Chechen Village Sends Out Call for Help
Published: March 12, 2002 (Issue # 752)
MOSCOW - After seeing 82 residents killed or vanish, the Chechen village of Tsotsin-Yurt has signed an appeal urging the West to prevent the "mass extermination of Chechens" by Russian troops, a Chechen organization said Monday.
The Chechen National Salvation Committee, which backs rebel Chechen leader Aslan Maskhadov, said that 700 residents of Tsotsin-Yurt in the Kurchaloi district had signed the petition detailing the deaths of 82 villagers during the ongoing Chechnya conflict, and that it would forward the letter to human-rights activists at the United Nations, the Council of Europe and Human Rights Watch.
"We ask you to help us to stop the genocide against our nation and, as a first step, to send international observers to Chechnya," said the letter, a copy of which was obtained by The St. Petersburg Times.
Of the people listed, 41 died or disappeared during so-called mopping-up operations in the village. More than 20 died of wounds inflicted by gunfire or bombings, five were killed at checkpoints and six were tortured to death, the letter said. In addition, 12 people were picked up for questioning in their homes, some as long as two years ago, and have yet to return.
Ruslan Badalov, head of the Chechen National Salvation Committee, said Tsotsin-Yurt villagers brought the letter to his office in Nazran, Ingushetia, on Saturday.
They told him they were holding a round-the-clock protest against the violence in their village "for the third week running."
The letter also outlines incidents of alleged military brutality, including one described by Novaya Gazeta reporter Anna Politkovskaya after a visit to the village last month. According to the letter and Politkovskaya, federal troops killed five people, including a pregnant woman, near Tsotsin-Yurt on Feb. 4 and burned the corpses. Two of the people were Tsotsin-Yurt residents.
The Federal Security Service, which is overseeing what it calls "the counter-terrorist operation" in Chechnya, could not immediately comment.
Lecha Yakhyayev, spokesman for the pro-Moscow Chechen administration, said the letter "blows the situation out of proportion" and that it would be difficult to prove the individuals mentioned were all peaceful civilians.
"Some of them could have been fighters who were killed when they tried to escape," he said by telephone from Grozny.
Diederik Lohman, Human Rights Watch's director in Moscow, said the letter was a sign that many Chechens were fed up.
"What is going on in the republic - and it is remarkable at the moment - is that people have started to openly and publicly protest against the murders of their relatives and neighbors," he said. "They understand that there is no other option to ever stop this war."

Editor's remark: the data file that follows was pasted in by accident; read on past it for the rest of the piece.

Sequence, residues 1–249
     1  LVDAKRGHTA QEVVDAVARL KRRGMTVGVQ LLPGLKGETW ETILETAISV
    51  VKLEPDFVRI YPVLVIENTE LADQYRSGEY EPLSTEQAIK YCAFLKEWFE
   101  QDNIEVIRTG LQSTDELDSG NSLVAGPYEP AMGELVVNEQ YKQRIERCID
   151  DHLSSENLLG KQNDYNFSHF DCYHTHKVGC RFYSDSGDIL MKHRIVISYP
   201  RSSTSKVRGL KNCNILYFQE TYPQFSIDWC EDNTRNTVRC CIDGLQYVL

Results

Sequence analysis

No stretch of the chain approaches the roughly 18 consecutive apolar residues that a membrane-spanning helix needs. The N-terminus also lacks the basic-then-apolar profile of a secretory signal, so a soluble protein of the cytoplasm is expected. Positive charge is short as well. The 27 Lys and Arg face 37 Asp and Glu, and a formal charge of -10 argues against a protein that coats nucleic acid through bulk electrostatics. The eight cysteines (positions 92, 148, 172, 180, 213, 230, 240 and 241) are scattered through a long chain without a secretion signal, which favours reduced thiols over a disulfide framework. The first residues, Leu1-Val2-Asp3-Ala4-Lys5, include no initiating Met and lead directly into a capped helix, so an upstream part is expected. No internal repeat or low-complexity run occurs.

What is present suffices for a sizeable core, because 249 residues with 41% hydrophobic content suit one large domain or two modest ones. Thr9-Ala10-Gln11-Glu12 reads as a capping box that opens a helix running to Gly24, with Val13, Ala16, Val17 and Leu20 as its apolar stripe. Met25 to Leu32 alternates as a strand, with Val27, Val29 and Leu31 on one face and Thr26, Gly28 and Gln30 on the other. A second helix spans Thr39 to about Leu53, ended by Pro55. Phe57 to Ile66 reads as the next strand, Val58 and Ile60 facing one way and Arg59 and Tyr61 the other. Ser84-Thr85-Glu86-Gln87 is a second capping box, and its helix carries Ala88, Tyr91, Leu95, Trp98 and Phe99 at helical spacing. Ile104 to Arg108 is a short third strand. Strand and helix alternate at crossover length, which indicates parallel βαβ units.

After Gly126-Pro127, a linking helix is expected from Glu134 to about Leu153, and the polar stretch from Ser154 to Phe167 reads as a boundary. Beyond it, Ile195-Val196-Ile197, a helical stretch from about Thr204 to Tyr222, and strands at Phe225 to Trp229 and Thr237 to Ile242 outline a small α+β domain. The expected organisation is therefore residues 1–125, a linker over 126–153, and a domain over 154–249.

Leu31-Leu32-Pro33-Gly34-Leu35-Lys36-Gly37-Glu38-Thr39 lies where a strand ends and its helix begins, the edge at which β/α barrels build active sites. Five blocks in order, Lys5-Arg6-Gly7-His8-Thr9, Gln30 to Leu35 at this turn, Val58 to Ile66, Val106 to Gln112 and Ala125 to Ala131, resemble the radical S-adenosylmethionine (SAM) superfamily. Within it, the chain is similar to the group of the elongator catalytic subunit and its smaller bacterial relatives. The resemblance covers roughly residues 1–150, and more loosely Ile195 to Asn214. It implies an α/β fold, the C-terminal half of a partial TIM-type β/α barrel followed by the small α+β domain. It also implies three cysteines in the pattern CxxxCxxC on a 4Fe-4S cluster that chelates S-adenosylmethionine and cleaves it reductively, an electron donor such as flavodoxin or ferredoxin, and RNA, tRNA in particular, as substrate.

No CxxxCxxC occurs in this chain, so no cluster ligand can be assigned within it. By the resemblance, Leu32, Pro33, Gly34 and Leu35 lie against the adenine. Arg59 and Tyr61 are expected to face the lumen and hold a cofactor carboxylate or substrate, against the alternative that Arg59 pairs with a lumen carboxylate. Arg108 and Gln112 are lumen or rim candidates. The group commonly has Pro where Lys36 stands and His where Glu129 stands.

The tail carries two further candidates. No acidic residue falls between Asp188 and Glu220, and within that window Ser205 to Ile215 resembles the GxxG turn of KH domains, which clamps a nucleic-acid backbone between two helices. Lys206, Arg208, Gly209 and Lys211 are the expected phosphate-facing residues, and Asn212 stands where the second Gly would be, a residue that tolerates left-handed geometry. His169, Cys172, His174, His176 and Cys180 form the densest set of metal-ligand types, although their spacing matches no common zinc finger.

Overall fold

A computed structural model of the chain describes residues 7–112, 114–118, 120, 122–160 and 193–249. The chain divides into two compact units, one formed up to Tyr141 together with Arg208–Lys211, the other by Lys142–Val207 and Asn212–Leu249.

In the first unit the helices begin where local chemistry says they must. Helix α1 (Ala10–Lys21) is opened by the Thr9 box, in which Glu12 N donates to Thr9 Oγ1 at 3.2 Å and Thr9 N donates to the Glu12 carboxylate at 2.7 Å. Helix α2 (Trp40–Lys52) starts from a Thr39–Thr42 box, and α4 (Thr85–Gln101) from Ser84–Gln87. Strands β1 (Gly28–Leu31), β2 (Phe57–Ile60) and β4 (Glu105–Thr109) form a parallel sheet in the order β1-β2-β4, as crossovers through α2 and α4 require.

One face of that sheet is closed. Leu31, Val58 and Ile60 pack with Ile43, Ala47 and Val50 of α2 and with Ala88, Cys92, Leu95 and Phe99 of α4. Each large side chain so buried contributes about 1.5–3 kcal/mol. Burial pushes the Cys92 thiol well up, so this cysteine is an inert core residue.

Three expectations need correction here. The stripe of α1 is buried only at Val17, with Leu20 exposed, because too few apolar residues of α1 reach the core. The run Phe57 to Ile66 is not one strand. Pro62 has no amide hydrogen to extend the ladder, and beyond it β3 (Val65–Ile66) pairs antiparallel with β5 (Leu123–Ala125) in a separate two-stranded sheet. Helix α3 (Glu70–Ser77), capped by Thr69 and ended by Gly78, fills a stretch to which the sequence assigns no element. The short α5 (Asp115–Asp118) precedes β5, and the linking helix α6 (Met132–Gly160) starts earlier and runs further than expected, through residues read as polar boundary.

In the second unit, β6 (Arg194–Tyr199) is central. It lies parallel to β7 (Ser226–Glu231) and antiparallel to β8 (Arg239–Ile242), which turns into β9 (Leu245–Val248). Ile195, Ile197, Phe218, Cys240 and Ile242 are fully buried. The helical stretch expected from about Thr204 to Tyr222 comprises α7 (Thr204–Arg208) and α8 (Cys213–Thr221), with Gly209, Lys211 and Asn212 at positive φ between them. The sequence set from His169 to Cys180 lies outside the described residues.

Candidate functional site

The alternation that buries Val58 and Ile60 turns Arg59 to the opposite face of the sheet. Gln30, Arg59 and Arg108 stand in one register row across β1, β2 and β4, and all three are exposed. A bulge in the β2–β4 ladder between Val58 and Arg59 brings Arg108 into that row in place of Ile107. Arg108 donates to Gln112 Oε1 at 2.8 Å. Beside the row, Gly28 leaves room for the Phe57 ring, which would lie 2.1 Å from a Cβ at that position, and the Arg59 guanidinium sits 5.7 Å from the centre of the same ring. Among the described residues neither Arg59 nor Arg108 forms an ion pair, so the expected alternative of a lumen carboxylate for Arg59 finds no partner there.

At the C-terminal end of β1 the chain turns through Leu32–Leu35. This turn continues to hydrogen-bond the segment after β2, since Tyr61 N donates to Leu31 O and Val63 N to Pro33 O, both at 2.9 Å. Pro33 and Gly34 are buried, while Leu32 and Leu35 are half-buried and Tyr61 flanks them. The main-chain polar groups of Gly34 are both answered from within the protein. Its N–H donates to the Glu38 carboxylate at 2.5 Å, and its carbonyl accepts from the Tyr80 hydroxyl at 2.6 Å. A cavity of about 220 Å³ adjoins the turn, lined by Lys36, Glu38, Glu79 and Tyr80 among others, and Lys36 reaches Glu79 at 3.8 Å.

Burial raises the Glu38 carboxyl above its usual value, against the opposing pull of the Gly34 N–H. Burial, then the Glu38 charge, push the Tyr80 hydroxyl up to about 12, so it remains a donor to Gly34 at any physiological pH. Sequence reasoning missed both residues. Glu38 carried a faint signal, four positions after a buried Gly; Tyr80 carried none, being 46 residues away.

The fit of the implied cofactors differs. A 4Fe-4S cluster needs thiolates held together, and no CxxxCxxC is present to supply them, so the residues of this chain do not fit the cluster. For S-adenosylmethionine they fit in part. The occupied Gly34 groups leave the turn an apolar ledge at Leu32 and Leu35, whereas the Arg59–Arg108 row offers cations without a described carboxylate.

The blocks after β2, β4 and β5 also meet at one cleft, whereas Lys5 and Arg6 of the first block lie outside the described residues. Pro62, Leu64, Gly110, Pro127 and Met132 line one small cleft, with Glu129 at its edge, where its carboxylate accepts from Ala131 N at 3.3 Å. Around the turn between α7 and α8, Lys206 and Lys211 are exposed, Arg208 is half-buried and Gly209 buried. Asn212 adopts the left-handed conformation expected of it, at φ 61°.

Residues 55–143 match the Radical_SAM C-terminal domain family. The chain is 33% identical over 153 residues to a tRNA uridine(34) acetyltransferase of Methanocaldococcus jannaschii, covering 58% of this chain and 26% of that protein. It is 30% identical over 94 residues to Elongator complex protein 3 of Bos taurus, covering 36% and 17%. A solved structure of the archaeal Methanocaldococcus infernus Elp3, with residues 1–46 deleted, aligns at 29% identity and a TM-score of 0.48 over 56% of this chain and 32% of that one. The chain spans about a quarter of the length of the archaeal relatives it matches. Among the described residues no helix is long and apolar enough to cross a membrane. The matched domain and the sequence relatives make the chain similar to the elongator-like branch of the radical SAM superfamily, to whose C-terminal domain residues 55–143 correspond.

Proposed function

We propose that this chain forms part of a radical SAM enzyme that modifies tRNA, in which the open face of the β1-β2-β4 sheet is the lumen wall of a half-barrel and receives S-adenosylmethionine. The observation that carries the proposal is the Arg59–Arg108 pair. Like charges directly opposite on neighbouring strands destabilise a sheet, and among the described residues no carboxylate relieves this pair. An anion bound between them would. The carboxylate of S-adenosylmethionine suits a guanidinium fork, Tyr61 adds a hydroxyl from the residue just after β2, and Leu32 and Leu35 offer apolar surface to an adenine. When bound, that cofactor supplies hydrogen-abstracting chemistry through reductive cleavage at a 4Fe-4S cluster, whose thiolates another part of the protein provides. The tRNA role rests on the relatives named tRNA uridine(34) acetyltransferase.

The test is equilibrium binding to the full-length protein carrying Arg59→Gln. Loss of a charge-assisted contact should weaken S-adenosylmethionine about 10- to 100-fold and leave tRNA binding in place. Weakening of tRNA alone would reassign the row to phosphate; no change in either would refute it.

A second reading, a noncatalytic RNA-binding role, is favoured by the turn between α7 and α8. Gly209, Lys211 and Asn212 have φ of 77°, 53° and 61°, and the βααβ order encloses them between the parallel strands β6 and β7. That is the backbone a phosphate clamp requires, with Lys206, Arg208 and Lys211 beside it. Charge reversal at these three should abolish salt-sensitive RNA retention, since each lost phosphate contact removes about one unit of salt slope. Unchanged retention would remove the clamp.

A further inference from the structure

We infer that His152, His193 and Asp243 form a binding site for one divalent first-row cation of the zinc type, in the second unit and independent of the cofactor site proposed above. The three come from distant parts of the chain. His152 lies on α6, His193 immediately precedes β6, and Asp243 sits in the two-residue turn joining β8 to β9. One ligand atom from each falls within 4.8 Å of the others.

Human-rights activists say thousands of civilians have died in fighting that started in 1999.
The Foreign Ministry said Thursday that it was "surprised, to put it mildly" by the U.S. State Department's criticism of Russia's human-rights record and objected in particular to the "odious" section on Chechnya.
"One gets the impression that its writers simply used old drafts, as if nothing had happened in either Russia or the United States in recent years, as if the events of Sept. 11, 2001, had not occurred and the international community had not closed ranks in the battle against terrorism," the ministry said in a statement, according to the Associated Press.
The State Department's annual human-rights report, which was published Monday, said Russia had a poor record regarding the independence and freedom of the media and in Chechnya. Russian security forces in Chechnya have "demonstrated little respect for basic human rights and there were credible reports of serious violations, including numerous reports of extrajudicial killings by both the government and Chechen fighters," the report said.
Russian officials from President Vladimir Putin on down have portrayed the conflict in Chechnya as a war against international terrorists. However, U.S. officials note that some of the rebels do not have international ties, and they have criticized Russian military abuse of civilians - though the criticism was toned down greatly after Russia became an enthusiastic member of the anti-terrorist coalition.
The Foreign Ministry said that the State Department pronouncement on Chechnya reflected the efforts of "certain circles" in the United States that object to the new U.S.-Russian partnership against international terrorism.